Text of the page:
Great article. So right. Some people just don’t get it with the over use of slides. A friend of mine delivered a presentation last year in Vegas. The slides! 60 minute presentation – 12 would have been enough. She showed 98 slides in 60 minutes!
Anyhow, the bottom line is, it is worthwhile investing in professional help – no matter how good you look and how well you know your material, it makes little difference if you can’t connect with the audience and deliver the message.
I think we should make you some Toastmasters business cards to hand out next time 🙂
All great points.
Excellent article Darren, and the comments above are just right.
Now what if the audience expects (and has learned to prefer) too much detail, too many slides, and too much information, and frowns on deviation from the “professional norm”?
I’m a commercial lawyer, and I try to make my presentations real and engaging. This seems to have worked for most of my audiences.
Every so often, however, I get an audience feedback comment like “it was too light on detail.” Or “I expect to have the paper slides to accompany the presentation” or “could have had more slides with more information on them.” That’s because many lawyers like other professionals think the “proper” way to do presentations is to give “heavyweight” legal information in detailed slides. The UK legal market is full of such expert talks, that audiences have been trained to expect nothing else. And over 99% of those expert talks I have attended are dull, uninsightful, unhelpful and ininspiring.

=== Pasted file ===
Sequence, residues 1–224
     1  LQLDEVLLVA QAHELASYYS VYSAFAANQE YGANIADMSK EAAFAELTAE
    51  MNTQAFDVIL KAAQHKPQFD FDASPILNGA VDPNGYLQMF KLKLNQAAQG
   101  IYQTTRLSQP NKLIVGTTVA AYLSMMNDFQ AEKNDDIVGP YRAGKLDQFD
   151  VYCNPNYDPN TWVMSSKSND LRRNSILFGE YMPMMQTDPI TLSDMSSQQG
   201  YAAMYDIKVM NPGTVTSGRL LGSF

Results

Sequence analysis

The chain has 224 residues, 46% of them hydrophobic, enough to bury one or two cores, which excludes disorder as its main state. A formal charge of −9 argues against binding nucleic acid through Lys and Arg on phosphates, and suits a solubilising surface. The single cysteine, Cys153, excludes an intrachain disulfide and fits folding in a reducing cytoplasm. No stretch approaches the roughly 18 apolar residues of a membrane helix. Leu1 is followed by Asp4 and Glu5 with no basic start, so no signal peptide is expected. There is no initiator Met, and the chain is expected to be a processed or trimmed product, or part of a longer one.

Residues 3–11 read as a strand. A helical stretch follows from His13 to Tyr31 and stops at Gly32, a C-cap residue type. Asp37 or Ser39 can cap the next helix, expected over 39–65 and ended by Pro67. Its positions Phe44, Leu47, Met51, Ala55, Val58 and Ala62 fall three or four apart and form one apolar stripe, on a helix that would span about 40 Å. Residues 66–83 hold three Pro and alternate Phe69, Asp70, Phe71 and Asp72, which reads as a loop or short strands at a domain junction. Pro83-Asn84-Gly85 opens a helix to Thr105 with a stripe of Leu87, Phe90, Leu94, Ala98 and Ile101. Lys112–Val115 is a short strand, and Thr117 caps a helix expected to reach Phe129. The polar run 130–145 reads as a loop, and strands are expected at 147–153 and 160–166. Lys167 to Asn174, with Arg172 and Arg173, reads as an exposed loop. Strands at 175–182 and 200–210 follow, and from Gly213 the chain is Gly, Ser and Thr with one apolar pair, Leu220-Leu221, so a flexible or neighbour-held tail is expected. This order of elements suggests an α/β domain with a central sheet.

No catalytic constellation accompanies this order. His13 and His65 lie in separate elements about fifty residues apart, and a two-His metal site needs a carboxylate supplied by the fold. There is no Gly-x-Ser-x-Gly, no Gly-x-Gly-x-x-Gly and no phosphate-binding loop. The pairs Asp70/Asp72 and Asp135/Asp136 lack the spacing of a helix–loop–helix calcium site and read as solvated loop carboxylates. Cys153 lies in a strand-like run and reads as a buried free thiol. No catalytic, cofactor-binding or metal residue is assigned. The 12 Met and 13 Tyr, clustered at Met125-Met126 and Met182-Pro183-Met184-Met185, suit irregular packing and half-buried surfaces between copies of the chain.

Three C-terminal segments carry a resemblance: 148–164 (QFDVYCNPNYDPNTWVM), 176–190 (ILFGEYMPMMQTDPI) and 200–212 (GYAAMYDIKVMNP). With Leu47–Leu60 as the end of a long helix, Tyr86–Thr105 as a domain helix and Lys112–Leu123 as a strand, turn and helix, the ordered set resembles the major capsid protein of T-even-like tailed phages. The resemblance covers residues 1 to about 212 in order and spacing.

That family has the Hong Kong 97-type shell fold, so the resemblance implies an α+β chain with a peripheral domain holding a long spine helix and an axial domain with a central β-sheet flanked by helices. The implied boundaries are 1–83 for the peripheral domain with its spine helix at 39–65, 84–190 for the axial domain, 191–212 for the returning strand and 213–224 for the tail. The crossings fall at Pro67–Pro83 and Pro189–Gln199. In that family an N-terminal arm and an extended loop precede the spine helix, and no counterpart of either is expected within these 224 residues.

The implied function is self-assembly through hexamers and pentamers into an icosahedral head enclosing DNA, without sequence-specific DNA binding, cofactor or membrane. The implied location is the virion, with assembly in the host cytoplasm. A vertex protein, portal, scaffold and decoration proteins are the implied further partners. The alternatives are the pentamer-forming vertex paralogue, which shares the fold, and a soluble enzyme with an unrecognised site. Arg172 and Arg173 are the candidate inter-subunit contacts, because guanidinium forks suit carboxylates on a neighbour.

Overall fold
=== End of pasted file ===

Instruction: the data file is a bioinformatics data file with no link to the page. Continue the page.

How do you deal with conservative professionals? One suggestion I have heard is to give audiences some short “pre-reading” before the seminar date, so that the basic factual information can be assumed, and the talk can stress the ideas instead. Any other thoughts?
Darren, you shared many valuable, practical tips which we can use immediately. They are so good I’m copying your article to share with others, giving you the credit, of course!
Thanks for sharing your knowledge and experiece with us, and thanks for encouraging us to do our best and give our best.
Liz Northrop, DTM
Excellent, excellent advice and encouragement to all. You gave examples that hit home with me too. I was at a TM meeting and a bank executive came and gave a 20 minute presentation and had at least 100 ahs and ums and it was truly painful to listen to him present so I stopped listening and wrote a letter. I am in college now and to plagerise is totally wrong and I appreciate it when you said to give credit to those it belongs to. Also I have been to presentations where the speaker looks good and then opens their mouth and you want them to run off the stage. I have also been to presentations where the speaker had a good speech but they looked terrible and they were a distraction.
Your articles are always interesting and fun and encouraging and always giving valuable information. Thank you and keep up the wonderful work because I always learn something from your newsletter articles.
Patricia Cotton, DTM
Lunch Bunch Toastmasters, Houston Texas
Darren–thanks for the very helpful illustrations. One to add: flexibility in terms of number of participants in the audience, especially at academic conferences. It was great advice you gave, to make a run-through of the entire presentation. But when you don’t know how many people will be in the audience, you also have to have agility at toning it down to make it more personalized, more of a one-on-one session. That’s where my comedy background helps immensely,www.yourshiningexample.com Hecklers aren’t always bad, sometimes they can be VERY helpful!
Once again you’ve hit the ball out of the park with your timely coaching for all. I plan to send your message to all my Toastmaster friends. Many thanks.
Great thought! Listening to family members talk about experiences around Christmas Dinner on Christmas Day.
Just what I plan to do tomorrow! And then I will have more fodder for future speeches this coming year of 2009!